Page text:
As the financial services industry digests one of the most profound periods of change, bankers need to consider new business models to deliver sustainable returns.

Firms must balance the need to centralize risk and capital allocation with the need to provide business units enough specialization and autonomy to take advantage of market opportunities as they arise.

The IBM Institute for Business Value's latest research — a global survey of over 2,600 financial services executives — indicates that regardless of whether a firm was badly hurt by the credit crisis or has come through relatively unscathed, 80% of executives say significant business model restructuring is required.

Radical change is difficult in such a complex and dynamic environment, but there is little choice. Firms that work through this challenge will be positioned to take advantage of the inevitable strengthening and expansion that will follow what may be one of the most fundamental competitive restructurings in the industry's history.

In the near term, the industry will continue to consolidate. In the United States, the top three banking companies controlled 20% of the banking assets five months ago. That figure has since shot up to more than 35%. Globally, the top 20 firms control 38% of the assets, and there is likely to be further consolidation to stabilize and flush out excess capacity.

As a result of growing concerns among regulators and executives that banks may become "too big to save," or perhaps "too big to profit," the longer-term restructuring will involve specialization. Executives have identified three basic models for companies.

  • Those that operate with higher risk to get higher returns: hedge funds, private-equity firms and spinoffs from investment banks.
  • Providers that assume lower risk for lower returns. These businesses will make up the majority of the financial services industry and will tend to be transaction-based businesses that "grease the skids" of the economy.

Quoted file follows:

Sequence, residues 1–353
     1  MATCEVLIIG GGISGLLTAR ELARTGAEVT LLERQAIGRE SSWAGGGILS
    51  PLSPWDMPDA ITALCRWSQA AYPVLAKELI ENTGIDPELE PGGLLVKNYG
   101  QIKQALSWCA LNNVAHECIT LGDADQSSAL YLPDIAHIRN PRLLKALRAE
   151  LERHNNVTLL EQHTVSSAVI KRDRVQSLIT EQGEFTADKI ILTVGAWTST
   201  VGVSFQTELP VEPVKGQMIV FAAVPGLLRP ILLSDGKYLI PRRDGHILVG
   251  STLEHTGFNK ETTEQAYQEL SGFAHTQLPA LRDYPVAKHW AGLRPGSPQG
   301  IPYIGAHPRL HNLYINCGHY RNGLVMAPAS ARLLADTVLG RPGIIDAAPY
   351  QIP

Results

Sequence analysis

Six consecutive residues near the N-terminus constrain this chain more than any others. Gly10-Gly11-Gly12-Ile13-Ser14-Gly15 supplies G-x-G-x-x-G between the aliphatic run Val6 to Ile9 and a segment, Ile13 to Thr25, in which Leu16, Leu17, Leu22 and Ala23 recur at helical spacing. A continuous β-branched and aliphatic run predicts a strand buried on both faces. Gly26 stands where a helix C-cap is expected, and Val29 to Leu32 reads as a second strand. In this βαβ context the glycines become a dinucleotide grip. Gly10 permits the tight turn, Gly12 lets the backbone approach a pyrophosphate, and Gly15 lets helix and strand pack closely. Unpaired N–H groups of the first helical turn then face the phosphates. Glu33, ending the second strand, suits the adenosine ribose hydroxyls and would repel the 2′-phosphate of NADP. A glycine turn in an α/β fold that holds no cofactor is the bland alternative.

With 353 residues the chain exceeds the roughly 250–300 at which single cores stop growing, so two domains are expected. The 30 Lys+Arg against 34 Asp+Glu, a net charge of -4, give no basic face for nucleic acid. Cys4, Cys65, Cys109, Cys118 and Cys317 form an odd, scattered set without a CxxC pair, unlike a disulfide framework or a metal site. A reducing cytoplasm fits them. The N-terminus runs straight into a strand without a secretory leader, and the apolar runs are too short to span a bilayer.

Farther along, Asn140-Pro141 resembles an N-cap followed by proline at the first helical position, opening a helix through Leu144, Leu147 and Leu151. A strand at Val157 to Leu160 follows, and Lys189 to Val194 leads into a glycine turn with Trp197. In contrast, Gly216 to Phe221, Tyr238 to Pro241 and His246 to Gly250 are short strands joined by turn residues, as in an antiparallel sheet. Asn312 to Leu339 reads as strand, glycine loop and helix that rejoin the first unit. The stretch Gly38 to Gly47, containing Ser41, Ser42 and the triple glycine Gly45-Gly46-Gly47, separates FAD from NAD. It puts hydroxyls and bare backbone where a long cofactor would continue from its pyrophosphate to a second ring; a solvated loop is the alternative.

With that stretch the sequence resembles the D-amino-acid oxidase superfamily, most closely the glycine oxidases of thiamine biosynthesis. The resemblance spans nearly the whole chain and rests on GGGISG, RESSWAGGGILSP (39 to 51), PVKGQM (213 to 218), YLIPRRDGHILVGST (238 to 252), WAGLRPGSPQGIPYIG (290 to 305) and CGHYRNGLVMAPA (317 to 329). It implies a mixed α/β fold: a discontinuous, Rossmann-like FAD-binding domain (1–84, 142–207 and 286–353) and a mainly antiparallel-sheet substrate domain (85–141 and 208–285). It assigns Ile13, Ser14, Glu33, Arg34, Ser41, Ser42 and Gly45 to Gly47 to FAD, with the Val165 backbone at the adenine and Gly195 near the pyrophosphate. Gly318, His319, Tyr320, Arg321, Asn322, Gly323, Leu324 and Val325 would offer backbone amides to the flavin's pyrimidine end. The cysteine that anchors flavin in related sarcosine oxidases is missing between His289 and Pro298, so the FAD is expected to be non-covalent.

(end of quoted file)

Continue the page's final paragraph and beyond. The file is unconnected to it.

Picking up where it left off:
• Advisers that assume little risk but can generate higher returns, such as wealth managers and providers of advice for underwriting and mergers and acquisitions.

As firms select a business model, they may wind up decoupling pieces of their business that don't fit. We will start to see a "barbell" effect as very large companies, along with boutique firms, fall into place in each of the three categories.What does all this restructuring mean for returns? Ninety percent of the executives who spoke with us say the returns of the past are over. From 1994 to 2006 the average return on equity for investment and commercial banking, asset servicing, and asset management (17%) nearly doubled that of all other industries (9%).
The current crisis will likely influence the speed at which the financial services industry reaches its inevitable economic maturity.

In addition, the crisis is providing firms an opportunity to avoid historical herding tendencies and ask themselves two questions: How do we deliver sustainable returns that outpace a maturing industry, and how can we really differentiate ourselves from the competition? They are also looking at ways to infuse intelligence into their systems.

For these reasons, executives said business model innovation was their top strategic initiative, followed by knowledge of client needs, risk management, and achieving efficiencies of scale.

Firms cannot afford to let the crisis serve as a distraction from focusing on clients. We found that firms and clients are disconnected 75% of the time when it comes to 12 top priorities. The industry will also come under significant pressure to improve its expertise in risk management.

Financial institutions spread risk, but they have not been able to track risk. The current environment provides an opportunity for the industry to go back to its roots of striking the right balance between return and risk — something it should be capable of doing, since risk management is the industry's business.

To achieve these goals, firms must overcome the tendency to squander scale by simplifying complexity within their models. Possible areas of investment include creating flexible architectures that can adapt to forces affecting their business, such as M&A, divestitures, and the anticipated myriad of new regulatory requirements.

Ultimately, we believe the financial services industry will navigate this historic period of change. After regrouping, it will begin to strengthen and continue its vital role in intermediating the flow of capital from savers and investors to productive users around the world.

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